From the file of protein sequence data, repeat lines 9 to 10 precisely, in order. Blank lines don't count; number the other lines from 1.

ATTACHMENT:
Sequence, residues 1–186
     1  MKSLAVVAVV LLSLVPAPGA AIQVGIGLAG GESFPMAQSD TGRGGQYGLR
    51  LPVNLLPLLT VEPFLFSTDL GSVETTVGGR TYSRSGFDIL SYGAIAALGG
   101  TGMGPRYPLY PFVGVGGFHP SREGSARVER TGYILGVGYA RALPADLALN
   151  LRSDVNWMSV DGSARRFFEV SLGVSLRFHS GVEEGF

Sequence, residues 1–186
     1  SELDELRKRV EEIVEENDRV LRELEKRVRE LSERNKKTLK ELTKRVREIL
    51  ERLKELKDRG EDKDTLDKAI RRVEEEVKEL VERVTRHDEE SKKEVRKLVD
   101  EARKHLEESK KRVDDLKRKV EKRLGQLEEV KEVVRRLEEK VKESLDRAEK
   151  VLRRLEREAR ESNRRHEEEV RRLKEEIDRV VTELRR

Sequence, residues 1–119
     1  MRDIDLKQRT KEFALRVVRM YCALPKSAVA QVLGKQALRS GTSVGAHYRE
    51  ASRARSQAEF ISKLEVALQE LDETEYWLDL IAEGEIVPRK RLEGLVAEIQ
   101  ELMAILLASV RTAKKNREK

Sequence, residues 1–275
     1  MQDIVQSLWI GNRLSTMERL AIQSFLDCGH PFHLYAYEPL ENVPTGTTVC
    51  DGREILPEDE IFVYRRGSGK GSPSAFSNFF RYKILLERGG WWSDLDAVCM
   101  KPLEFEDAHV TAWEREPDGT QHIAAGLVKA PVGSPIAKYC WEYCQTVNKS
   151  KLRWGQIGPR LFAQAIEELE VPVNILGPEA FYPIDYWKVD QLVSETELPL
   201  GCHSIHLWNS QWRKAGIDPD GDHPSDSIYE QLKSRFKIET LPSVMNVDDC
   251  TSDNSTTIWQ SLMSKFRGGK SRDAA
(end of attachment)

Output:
   101  EARKHLEESK KRVDDLKRKV EKRLGQLEEV KEVVRRLEEK VKESLDRAEK
   151  VLRRLEREAR ESNRRHEEEV RRLKEEIDRV VTELRR